Big Data and Machine Learning for Reaction Design


   Centre for Accountable, Responsible and Transparent AI

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  Dr Matthew Grayson  No more applications being accepted  Self-Funded PhD Students Only

About the Project

We have an exciting opportunity to work on the development of new synthesis prediction tools. You will join the Grayson group in the Department of Chemistry to develop fast and accurate synthesis prediction models using machine learning (ML) for applications in organic and pharmaceutical chemistry. To demonstrate their broad applicability, you will then work with our experimental collaborators to apply the models in reaction design.

As a PhD student, you will:

·        Gain experience in the use of ML in reaction design.

·        Perform both individual and collaborative research projects.

·        Write up research results for publication in scientific journals.

·        Present your work at national and international conferences.

Project Details:

The synthesis of new molecules is essential in meeting the global demand for new pharmaceutical drugs. Reaction discovery is dominated by trial-and-error approaches but more cost-effective, rapid and sustainable alternatives are becoming increasingly sought after.

Although computational approaches (e.g. quantum mechanical calculations) have been applied to reaction design, they are much slower than traditional experimental screening methods which limits their use in reaction discovery. Therefore, computational reaction design is still regarded as one of the “Holy Grails” of computational chemistry.

ML offers new opportunities for reaction design. ML models can, once trained, make predictions for previously unseen molecules in seconds compared to the weeks or months it takes to make such predictions using current computational approaches.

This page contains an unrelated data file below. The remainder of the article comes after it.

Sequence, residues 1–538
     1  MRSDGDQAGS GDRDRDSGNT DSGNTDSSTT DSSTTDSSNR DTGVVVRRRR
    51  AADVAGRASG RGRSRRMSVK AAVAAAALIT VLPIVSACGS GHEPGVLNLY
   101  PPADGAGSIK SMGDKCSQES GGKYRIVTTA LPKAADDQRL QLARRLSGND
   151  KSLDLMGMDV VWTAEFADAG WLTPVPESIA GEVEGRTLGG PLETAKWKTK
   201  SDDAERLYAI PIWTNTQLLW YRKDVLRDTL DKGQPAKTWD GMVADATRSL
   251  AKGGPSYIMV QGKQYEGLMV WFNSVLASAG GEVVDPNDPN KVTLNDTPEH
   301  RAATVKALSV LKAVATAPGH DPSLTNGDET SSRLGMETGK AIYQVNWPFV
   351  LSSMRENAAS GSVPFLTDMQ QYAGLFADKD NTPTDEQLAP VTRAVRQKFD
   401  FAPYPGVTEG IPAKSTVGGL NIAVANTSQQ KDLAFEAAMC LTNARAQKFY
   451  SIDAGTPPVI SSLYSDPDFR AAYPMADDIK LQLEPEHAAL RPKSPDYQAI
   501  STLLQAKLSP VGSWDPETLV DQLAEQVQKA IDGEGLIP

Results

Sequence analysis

This project will develop ML models that can rapidly predict reaction outcomes (e.g. yield, enantioselectivity). To validate these models, predictions made for novel reactions will then be tested in collaboration with our experimental partners. Use of these models will help eliminate experimental trial-and-error and provide a more rapid approach to reaction discovery thus helping to realise the “Holy Grail”.

We are happy to adapt the project to better match the interests of the student. Please contact Dr Grayson to discuss this further. Further information about the Grayson group and our research interests can be found at thegraysongroup.co.uk and in references [1] and [2].

Formal applications should be made via the University of Bath’s online application form. Further information about the application process can be found here.

Start date: Between 8 January and 30 September 2024.


Chemistry (6) Computer Science (8) Mathematics (25)

Funding Notes

We welcome applications from candidates who can source their own funding. Tuition fees for the 2023/4 academic year are £4,700 (full-time) for Home students and £26,600 (full-time) for International students. For information about eligibility for Home fee status: https://www.bath.ac.uk/guides/understanding-your-tuition-fee-status/.

References

[1] Machine learning activation energies of chemical reactions. Wiley Interdiscip. Rev. Comput. Mol. Sci. 2022, 12, e1593. https://wires.onlinelibrary.wiley.com/doi/10.1002/wcms.1593
[2] Machine learning and semi-empirical calculations: A synergistic approach to rapid, accurate, and mechanism-based reaction barrier prediction. Chem. Sci., 2022, 13, 7594. https://pubs.rsc.org/en/content/articlelanding/2022/SC/D2SC02925A

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